Reform of the EU Blue Card in migration law – is the trend reversal in the shortage of skilled workers coming now?


published 26 October 2023 | reading time approx. 2 minutes

Currently, migration law is undergoing a transformation like no other area of German law. Now one of the key rules of skilled labour immigration is also being expanded. The legal requirements for academically skilled workers will be lowered by the new Blue Card (until now section 18b (2) of the German residence act (AufenthG), now section 18g AufenthG) as of 18 November 2023. Is this the turning point in the shortage of skilled workers? Find out what employers with an international team need to know in this article.


Why is the Blue Card so important?

The EU Blue Card is particularly desirable because it comes with a number of privileges that are unique to the blue card. These privileges run through the entire process of issuing a residence permit. Today, for example, the Federal Employment Agency does not have to approve a salary of 2/3 of the annual income threshold for the general pension insurance – unlike all other residence titles that permit gainful employment.
If the salary is at least 52 percent of the contribution assessment ceiling, the Blue Card can also be issued with the approval of the Federal Employment Agency, provided there is a shortage in an occupation (scientists, mathematicians, engineers, doctors and academically comparable specialists in the field of IT). 
Furthermore, after two years a change of job no longer has to be approved by the foreigners authority (section 18b (2), sentence 4 AufenthG) and the settlement permit – for indefinite residence in Germany – can be applied for after four years, and not after five years at the earliest, as is otherwise the case.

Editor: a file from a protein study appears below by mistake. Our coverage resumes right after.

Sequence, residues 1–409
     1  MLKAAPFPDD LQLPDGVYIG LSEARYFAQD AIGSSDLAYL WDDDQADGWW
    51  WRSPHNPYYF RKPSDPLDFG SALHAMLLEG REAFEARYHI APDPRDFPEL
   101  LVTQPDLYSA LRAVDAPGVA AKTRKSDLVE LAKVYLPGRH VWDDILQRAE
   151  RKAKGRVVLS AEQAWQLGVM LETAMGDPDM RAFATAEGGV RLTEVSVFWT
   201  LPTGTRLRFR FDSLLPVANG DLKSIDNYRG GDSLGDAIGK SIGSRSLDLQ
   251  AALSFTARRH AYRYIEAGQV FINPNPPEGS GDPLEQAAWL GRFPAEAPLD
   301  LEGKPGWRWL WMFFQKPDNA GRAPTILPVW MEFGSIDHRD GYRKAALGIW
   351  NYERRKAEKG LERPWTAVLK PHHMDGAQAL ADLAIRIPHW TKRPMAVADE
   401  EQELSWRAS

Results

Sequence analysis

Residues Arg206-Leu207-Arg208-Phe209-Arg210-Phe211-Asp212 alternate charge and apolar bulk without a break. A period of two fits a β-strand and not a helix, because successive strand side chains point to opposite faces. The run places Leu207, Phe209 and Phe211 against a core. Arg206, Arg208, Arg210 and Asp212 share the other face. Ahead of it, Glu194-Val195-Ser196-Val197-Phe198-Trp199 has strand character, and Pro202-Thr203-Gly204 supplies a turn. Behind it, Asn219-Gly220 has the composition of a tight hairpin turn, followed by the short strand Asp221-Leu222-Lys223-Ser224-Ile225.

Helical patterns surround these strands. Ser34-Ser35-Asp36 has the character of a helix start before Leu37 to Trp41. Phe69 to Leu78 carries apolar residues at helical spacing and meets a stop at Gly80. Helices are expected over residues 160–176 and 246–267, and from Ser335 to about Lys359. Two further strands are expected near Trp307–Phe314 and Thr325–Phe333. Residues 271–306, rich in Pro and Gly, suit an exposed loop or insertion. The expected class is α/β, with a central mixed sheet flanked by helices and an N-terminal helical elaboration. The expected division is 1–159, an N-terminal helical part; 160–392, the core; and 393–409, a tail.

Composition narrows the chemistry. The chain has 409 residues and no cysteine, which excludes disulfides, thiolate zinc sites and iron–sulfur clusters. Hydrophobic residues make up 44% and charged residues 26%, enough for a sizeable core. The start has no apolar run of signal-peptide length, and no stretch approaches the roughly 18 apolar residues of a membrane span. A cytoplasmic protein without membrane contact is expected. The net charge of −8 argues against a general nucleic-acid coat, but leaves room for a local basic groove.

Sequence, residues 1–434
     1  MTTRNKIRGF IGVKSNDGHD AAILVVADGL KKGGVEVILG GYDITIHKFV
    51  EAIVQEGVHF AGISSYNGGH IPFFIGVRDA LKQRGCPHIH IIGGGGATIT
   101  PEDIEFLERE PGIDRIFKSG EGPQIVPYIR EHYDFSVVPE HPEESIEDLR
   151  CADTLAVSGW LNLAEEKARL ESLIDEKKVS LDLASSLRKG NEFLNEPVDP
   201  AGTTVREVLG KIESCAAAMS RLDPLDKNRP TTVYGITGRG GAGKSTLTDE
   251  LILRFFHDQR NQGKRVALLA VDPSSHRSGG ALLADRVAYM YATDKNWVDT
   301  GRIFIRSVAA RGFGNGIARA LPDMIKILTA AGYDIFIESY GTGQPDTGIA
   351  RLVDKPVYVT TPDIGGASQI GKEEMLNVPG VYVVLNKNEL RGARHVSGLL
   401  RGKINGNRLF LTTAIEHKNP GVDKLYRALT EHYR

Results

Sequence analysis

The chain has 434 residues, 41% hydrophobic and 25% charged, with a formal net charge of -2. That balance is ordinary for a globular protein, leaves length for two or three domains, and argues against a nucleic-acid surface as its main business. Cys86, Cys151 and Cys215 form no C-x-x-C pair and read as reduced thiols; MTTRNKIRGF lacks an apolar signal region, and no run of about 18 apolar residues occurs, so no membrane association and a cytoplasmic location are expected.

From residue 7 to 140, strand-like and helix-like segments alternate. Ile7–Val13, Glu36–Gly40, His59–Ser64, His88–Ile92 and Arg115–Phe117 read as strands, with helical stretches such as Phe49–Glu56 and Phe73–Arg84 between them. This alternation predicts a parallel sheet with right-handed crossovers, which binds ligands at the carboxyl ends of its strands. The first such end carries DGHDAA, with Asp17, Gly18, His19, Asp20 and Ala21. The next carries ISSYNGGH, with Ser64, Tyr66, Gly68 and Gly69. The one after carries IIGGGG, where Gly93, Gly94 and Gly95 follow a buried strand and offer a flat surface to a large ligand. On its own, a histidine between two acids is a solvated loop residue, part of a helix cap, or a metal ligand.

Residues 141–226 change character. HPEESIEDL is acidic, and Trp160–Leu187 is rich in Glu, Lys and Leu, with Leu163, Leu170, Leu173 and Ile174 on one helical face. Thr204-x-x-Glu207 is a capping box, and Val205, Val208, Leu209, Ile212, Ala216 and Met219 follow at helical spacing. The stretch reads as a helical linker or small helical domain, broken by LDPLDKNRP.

What has been the problem with the EU Blue Card so far?

Until now, the difficulty was that the hurdles for the academic education of the potential employee were very high. In practice, recognition is done with the help of the online database Anabin, which is operated by the Central Office for Foreign Education (ZAB) of the Conference of Ministers of Education and Cultural Affairs. The aim of the query is to find out whether the foreign university degree can be equated with a German university degree. The query is complicated – especially if the degree was not acquired in an English-speaking country – and even the authorities are not always sure how to handle it. However, many foreign universities are not listed in Anabin or are not recognised, so the only alternative is to go through the lengthy process of evaluating certificates. 

What will change now?

Basically, nothing will change in the system of recognising university degrees, there will just be a backdoor. IT professionals who do not have a university degree but can demonstrate at least three years of comparable professional experience will also have the opportunity to obtain a Blue Card. Up to now, the possibilities under residence law for this group of persons were limited to section 19c (1) AufenthG in conjunction with Section 6 of the Employment Ordinance (BeschV).
Furthermore, the salary limits will be lowered in relation to the contribution assessment ceiling of the general pension insurance. In future, this will no longer be 66 percent but 50 percent, and in the case of shortage occupations only 45.3 percent instead of 52 percent will be required. This will make it easier for newcomers to the labour market in particular, because usually they cannot draw such a high salary at the beginning of their career.
In addition, the shortage occupations will be expanded to include:
  • Managers and professionals in the provision of services in the field of IT;
  • Managers in the provision of specialised services, such as childcare or healthcare;
  • veterinarians and dentists;
  • pharmacists;
  • Academic and comparable nursing and midwifery professionals;
  • and many more.
In addition, there are many other changes, such as family reunification and the short- and long-term mobility within the European Union of Blue Card holders.

What changes in the law await us in the new year 2024?

In particular, the opportunity card, which was discussed as part of the resolution on the Skilled Workers Immigration Act, awaits us in June 2024. This will create a points-based residence title limited to one year for the purpose of job-seeking, which will allow employment on a part-time basis. What this residence title has in store for legal practice is worth a separate article.
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